40 days and 40 nights

Oh, I get it. I moved to Seattle, and nobody told me.

on a lighter note

US Highway 101, which is the primary route from the city of San Francisco to the assorted industrial parks and exurbs of Silicon Valley, is technically named the Bayshore Freeway.

What it actually is, is the Highway of Diminishing Returns. Observe:

Leaving San Francisco (the corner of 4th & Mission) at 8:30, our hero curses his way through stop-and-go traffic all the way to Mountain View, and arrives at the GooglePlex at 10:00am on the dot.

On a later day, having slept through his alarm, our intrepid adventurer runs unshaved out of the house at 9:30am, and arrives in Mountain View at… 10:10am.

Draw your own snappy conclusions, I’m just happy that I’m now taking the shuttle and don’t have to worry about this any more.

darkness and distance

So, a month and change.

31 days, 3000 miles, from a Spanish-speaking neighborhood with a rapidly metastasizing hipster population in the north of Manhattan, to… a Spanish-speaking neighborhood with a rapidly metastasizing hipster population in the south of San Francisco. I’ve travelled so far, and moved so very little.

Snarking aside, the Mission is lovely, and probably the least dislocating place for an expatriate New Yorker to land: all-night bodegas, honking cars, produce stands and endless bric-a-brac stores. All the comforts of home (plus burritos). I think I might like to live here.

The blocks are longer here, and it’s oddly jarring. I keep walking and walking, and it’s still the same block. The intersections are lit, but darkness pools in the long stretches in-between. Just a matter of perspective, I guess. Everything is.

I miss Miranda. I thought when I first got here that I’d lost the trick of living alone: the huge, empty temporary apartment I was in seemed cavernous, even creepy. The knack for that came back quickly. What I actually am is out of practice in living with people other than her: I have a perfectly lovely temporary living situation, but sleeping on a futon in a room in someone else’s apartment is like going back in time to my immediate post-college years: entertaining and dismaying in equal measure. Seeing her in Philadelphia this last weekend was like having the nitrous regulator removed at the dentist: a sudden shock of remembering how to breathe again.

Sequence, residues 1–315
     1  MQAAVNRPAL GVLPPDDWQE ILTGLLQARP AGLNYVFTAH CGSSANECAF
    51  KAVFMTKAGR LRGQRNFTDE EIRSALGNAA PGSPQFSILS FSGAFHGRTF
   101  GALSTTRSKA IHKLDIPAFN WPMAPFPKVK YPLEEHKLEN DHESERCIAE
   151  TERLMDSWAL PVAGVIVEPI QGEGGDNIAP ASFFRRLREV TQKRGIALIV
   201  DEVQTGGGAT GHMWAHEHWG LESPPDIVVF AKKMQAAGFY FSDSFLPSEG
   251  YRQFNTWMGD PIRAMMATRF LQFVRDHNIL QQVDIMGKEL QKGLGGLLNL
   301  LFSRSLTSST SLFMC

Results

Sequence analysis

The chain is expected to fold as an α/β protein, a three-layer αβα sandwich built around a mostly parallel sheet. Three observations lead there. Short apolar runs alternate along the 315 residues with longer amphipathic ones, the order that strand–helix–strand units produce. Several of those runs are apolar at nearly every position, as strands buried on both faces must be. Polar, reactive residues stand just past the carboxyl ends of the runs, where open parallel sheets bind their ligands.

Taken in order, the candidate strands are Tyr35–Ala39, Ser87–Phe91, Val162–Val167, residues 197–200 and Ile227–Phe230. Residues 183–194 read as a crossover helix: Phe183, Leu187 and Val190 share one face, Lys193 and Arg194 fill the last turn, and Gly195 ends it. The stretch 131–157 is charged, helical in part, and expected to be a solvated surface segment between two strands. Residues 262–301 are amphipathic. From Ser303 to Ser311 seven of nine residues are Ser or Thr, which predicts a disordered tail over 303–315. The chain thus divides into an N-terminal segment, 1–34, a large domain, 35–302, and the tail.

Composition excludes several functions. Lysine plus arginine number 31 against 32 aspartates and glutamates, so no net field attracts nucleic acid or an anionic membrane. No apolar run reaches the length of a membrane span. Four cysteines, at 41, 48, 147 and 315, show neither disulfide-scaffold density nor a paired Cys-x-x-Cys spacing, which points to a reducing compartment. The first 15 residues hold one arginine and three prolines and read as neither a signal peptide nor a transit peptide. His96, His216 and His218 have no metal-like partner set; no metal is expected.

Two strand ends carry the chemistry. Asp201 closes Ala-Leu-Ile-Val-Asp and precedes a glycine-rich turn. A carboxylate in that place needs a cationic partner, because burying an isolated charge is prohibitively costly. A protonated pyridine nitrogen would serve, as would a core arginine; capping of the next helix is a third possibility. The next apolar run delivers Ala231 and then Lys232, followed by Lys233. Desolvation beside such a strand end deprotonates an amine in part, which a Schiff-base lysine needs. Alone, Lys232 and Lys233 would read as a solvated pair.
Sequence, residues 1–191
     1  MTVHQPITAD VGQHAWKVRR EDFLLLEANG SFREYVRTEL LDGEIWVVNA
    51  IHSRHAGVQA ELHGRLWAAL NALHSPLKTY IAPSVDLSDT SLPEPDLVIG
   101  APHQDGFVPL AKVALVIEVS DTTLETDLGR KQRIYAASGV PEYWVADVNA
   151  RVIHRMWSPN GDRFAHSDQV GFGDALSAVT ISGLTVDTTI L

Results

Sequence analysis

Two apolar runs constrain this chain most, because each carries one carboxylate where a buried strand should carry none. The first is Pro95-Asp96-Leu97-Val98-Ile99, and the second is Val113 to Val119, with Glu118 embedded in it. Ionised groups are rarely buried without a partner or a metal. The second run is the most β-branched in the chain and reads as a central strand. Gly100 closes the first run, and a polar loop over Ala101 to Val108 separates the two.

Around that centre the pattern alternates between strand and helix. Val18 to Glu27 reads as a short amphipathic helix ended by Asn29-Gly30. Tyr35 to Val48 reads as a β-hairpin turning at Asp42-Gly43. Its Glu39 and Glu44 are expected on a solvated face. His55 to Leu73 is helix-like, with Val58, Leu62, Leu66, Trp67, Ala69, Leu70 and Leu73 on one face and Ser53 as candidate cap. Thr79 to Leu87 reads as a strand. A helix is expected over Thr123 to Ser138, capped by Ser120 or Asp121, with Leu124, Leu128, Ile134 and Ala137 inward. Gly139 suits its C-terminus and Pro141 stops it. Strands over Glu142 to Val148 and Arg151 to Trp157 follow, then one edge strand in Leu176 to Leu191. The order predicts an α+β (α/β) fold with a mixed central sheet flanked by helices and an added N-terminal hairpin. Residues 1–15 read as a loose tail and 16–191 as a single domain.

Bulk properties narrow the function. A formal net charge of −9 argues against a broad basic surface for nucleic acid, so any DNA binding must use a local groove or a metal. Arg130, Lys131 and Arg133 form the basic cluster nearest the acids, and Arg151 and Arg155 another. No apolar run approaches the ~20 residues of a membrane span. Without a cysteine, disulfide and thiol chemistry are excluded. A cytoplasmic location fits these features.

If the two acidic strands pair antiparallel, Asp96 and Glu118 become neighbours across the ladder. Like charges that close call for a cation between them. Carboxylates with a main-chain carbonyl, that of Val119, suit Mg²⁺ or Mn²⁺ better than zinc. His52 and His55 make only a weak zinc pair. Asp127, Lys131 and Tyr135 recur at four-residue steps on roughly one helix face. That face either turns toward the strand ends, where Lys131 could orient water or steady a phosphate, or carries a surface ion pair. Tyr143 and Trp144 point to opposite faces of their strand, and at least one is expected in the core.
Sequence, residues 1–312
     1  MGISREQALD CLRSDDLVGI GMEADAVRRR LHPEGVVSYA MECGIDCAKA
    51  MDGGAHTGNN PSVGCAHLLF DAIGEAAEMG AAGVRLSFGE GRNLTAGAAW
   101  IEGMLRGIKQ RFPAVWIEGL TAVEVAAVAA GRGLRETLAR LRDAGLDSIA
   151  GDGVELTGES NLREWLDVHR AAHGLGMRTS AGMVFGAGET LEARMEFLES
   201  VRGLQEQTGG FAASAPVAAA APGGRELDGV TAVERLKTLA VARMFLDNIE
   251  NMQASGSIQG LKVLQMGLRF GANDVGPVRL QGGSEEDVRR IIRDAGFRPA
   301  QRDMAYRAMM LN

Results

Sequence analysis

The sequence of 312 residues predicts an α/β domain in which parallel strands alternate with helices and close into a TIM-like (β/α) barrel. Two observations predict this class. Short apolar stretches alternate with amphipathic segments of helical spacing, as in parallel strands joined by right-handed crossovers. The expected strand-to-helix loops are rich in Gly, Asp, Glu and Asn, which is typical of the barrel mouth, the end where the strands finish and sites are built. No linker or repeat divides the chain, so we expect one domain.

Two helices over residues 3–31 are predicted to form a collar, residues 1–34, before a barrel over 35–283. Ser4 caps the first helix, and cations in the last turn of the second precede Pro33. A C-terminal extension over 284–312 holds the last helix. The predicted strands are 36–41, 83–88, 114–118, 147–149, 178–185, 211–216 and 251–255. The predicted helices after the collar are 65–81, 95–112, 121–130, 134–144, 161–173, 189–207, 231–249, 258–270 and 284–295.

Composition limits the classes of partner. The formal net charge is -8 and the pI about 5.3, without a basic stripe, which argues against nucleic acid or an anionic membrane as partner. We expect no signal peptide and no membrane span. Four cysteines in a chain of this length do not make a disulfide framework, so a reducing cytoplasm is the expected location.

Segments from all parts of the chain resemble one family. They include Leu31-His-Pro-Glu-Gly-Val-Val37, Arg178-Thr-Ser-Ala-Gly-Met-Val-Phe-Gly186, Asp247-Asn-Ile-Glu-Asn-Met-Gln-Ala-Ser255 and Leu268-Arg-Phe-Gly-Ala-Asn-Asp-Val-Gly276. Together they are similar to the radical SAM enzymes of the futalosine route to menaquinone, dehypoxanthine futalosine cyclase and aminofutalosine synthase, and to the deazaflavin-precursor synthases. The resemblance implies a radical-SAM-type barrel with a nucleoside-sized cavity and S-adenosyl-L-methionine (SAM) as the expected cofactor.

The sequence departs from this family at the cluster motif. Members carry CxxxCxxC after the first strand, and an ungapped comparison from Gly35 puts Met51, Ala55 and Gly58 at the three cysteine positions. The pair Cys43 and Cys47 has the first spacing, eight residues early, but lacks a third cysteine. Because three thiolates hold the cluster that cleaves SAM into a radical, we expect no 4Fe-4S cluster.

I miss Jocasta and Alithea. I miss my cats and my books. I miss my poker nights and the Piper’s Kilt. I miss the A train and the Brooklyn Bridge.

But driving up 101 from work tonight, I looked out the window and saw a thunderhead breaking against the mountains. This place is not without its own intrinsic rewards.

public service announcement

Do not, under any circumstances, allow yourself to be taken to see Ultraviolet. There is not enough beer in the world (and trust me, we tried) to make this a worthwhile undertaking.

Remember Aeon Flux? Right. Now remove all of the narrative cohesion that made it such a worthwhile cinematic experience. No, really.

I have just saved you all $10.75. You’re welcome.

on the threshold

Well then.

A new coast. A new chapter. A new job. Definitely time for a new blog heading, because…

A New Life
Awaits You In
The Outer Colonies

…in which a lifelong ostie attempts to make sense of Planet California.